Despite exponential growth of India’s mutual fund (MF) sector in 2014, the sector has gone through consolidation with a slew of mergers and acquisitions.
The Rs 11-lakh crore sector saw three foreign entities selling out to domestic peers. The year began with the surprise exit of Morgan Stanley, acquired by HDFC MF for an undisclosed sum. It was the second US-based fund house, after Fidelity, to exit India operations in as many years.
In November, Nippon Life Insurance said it would buy an additional 23 per cent in Reliance MF, this country third largest fund house by asset size. The deal valued Reliance MF at Rs 7,300 crore, as the first tranche of acquiring nine per cent was at Rs 657 crore.
Market watchers said the exit of the three smaller fund houses was due to the challenging landscape in MFs, dominated by larger entities. Experts say small fund houses find the cost structure too high to sustain in a tightly-regulated sector.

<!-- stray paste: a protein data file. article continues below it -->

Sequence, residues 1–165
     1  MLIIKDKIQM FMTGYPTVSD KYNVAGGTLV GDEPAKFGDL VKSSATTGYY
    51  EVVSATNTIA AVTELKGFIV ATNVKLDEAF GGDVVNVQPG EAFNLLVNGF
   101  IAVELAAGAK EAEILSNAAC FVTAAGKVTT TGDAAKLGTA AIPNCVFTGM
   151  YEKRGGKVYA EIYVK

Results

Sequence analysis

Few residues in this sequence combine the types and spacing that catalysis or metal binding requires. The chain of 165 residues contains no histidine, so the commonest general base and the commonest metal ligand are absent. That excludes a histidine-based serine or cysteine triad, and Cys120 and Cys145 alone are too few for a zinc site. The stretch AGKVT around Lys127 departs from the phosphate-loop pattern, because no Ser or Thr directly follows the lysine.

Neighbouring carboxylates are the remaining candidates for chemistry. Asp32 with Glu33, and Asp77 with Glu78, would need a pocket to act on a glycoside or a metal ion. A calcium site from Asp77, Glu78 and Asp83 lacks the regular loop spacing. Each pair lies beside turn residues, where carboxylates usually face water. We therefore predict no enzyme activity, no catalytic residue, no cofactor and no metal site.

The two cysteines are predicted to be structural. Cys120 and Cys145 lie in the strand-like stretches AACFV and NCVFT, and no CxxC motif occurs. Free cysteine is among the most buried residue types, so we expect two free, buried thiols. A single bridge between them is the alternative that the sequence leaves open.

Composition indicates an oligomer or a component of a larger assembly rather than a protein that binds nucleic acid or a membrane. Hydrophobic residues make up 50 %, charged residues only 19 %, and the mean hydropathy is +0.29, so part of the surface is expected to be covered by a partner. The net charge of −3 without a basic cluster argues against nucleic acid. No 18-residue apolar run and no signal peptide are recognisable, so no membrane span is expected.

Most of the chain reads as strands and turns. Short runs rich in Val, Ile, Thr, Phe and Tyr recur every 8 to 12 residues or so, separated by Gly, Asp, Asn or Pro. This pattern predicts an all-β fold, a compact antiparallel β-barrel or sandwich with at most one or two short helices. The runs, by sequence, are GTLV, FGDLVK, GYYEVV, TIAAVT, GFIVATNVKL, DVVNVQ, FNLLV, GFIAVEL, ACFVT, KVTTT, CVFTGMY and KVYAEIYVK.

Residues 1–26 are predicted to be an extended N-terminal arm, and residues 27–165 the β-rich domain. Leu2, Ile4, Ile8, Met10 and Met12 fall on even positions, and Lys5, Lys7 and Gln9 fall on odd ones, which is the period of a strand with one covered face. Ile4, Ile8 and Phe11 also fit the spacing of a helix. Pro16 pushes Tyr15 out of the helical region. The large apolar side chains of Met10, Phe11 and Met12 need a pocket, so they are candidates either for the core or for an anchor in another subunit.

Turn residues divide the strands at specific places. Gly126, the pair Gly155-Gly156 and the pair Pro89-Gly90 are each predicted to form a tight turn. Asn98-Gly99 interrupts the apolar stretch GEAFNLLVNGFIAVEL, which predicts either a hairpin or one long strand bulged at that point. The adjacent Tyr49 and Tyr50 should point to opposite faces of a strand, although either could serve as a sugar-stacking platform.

A higher net worth norm of Rs 50 crore introduced by the Securities and Exchange Board of India (Sebi) was also blamed for the exits. The net worth criteria acts as a filter — there has always been an informal debate among fund houses about the definition of ‘serious’ entities. Early this year, when Sebi scaled up the capital infusion requirement by five times from Rs 10 crore, it caught many by surprise. Most experts thought it would be raised to Rs 25 crore.
Though the regulator has given three years ending May 2017 to comply, the step invited criticism from several stakeholders. Now, with things settling, there is an increasing acceptance and seriousness among fund houses to meet the rule. This year, 10 fund houses have raised their net worth to Rs 50 crore or above. Another 10-odd are below the new floor. These include Taurus, Escorts, PPFAS, Quantum, Sahara and Shriram, as on end-March.